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Vail Resorts is buying Peak Resorts.

KustyTheKlown

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ouch. people who got to live and work in professional roles in mountain towns fired and given the option to apply to broomfield with no guarantee of transferring. that's rough. hard for a finance/HR/marketing professional to find other work up in summit county. fuckin vail.
 

abc

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ouch. people who got to live and work in professional roles in mountain towns fired and given the option to apply to broomfield with no guarantee of transferring. that's rough. hard for a finance/HR/marketing professional to find other work up in summit county. fuckin vail.
I'm not a Vail Corp fan. But in this case, I'll defend their business. With the new acquisition, they actually need MORE finance/HR/marketing professionals. The question is where they're located. Summit county is pretty expensive. So expanding their footprint in Summit county will cost more than expanding in Bloomfield. It's not entirely surprising they choose to move down to the city. At least they're not moving to Texas.

As you said "hard for a finance/HR/marketing professional to find other work up in summit county". They know that when they move there. Or they should.

Everybody bitch about the I-70 traffic. No one ever stop to think why those weekend skiers don't all move up to the mountains instead of suffering the 2 hr traffic jam! The answer is, there're a lot more job opportunities in Denver/Boulder than up in Summit county.

In my years of working in large corporations, I've seen several such "corporate relocation" happening next to me. Here in NYC, few took such "offers" because "other works" are usually plentiful locally. But if the same thing happens in North Conway, where "other works" are relatively hard to come by, it would be much tougher situation for those affected.

There're reason why so many of us "choose" to live in the flat land. Away from the mountains and snow.

Unless you own your own business, you're never entirely free to choose where to work and live.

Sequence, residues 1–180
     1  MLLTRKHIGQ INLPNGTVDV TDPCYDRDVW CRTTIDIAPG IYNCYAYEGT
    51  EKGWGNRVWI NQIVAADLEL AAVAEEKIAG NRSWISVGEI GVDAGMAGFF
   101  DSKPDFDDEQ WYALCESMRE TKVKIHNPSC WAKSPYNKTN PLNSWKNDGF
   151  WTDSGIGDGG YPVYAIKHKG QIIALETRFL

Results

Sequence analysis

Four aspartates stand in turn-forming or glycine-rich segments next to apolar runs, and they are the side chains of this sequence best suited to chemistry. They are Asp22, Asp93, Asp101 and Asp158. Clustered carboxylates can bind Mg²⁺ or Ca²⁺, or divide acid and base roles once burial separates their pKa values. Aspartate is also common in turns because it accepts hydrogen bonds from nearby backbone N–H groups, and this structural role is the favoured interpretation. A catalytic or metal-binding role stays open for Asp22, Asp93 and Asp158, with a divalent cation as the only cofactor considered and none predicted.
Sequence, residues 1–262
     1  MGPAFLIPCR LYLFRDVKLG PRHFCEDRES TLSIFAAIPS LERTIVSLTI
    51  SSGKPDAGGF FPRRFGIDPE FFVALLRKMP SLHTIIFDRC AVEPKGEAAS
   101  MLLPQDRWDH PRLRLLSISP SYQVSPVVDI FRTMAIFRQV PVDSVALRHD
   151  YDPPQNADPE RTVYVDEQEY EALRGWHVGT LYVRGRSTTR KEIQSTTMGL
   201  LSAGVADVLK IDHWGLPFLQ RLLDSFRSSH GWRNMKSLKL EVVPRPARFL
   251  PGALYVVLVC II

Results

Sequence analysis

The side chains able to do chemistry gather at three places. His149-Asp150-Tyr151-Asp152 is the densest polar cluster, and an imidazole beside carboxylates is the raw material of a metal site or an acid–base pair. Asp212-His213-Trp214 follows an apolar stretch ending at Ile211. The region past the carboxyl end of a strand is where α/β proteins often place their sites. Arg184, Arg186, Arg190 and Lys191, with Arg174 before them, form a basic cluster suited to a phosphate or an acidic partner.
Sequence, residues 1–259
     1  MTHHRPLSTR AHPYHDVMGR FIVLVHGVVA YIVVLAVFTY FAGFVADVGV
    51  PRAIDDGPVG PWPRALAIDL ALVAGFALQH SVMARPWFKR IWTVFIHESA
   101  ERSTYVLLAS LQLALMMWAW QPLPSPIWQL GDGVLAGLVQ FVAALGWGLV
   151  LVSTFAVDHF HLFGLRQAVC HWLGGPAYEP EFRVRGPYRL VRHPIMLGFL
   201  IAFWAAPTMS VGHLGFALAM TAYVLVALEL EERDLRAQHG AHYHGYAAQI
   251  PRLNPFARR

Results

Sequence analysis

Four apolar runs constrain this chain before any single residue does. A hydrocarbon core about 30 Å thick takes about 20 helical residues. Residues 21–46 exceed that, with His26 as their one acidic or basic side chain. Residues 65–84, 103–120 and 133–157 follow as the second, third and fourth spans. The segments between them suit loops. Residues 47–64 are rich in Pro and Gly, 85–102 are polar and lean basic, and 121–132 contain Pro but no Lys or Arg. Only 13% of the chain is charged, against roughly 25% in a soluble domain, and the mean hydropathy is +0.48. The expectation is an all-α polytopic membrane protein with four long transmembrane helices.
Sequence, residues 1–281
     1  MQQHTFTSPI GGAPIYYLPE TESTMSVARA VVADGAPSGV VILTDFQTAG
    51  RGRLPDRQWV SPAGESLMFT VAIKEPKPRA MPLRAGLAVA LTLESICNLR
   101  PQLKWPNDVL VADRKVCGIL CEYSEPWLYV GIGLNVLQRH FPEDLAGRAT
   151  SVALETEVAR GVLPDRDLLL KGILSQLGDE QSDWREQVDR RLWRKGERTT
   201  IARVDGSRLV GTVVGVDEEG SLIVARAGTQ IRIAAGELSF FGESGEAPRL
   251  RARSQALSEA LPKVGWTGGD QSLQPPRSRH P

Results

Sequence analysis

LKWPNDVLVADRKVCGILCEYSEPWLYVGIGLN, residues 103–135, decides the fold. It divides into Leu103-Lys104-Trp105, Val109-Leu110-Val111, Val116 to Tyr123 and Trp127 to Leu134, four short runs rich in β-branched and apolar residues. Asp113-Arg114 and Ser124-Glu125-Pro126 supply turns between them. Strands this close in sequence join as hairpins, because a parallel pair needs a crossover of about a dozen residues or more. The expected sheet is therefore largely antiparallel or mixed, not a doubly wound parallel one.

abc

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Merry Christmas!
It's the corporate bullsh*t of making the year end report look good.

I got "lucky" 3 years back when they laid me off before Thanksgiving instead of right before Christmas. I promptly bought a season pass and went on my best season of skiing the whole of north America! But if it were to happen now, all the "big" multi-mountain season passes are no longer available.

I wish those Vail employee luck going forward. It was quite a shock when it happened to me back then. But having gone through that, I'm a lot more mentally prepared.
 

drjeff

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ouch. people who got to live and work in professional roles in mountain towns fired and given the option to apply to broomfield with no guarantee of transferring. that's rough. hard for a finance/HR/marketing professional to find other work up in summit county. fuckin vail.

I'm not a Vail Corp fan. But in this case, I'll defend their business. With the new acquisition, they actually need MORE finance/HR/marketing professionals. The question is where they're located. Summit county is pretty expensive. So expanding their footprint in Summit county will cost more than expanding in Bloomfield. It's not entirely surprising they choose to move down to the city. At least they're not moving to Texas.

As you said "hard for a finance/HR/marketing professional to find other work up in summit county". They know that when they move there. Or they should.

Everybody bitch about the I-70 traffic. No one ever stop to think why those weekend skiers don't all move up to the mountains instead of suffering the 2 hr traffic jam! The answer is, there're a lot more job opportunities in Denver/Boulder than up in Summit county.

In my years of working in large corporations, I've seen several such "corporate relocation" happening next to me. Here in NYC, few took such "offers" because "other works" are usually plentiful locally. But if the same thing happens in North Conway, where "other works" are relatively hard to come by, it would be much tougher situation for those affected.

There're reason why so many of us "choose" to live in the flat land. Away from the mountains and snow.

Unless you own your own business, you're never entirely free to choose where to work and live.

Its why I am still working in NYC. Even the pay in CT is half what I make..SLC 1/4.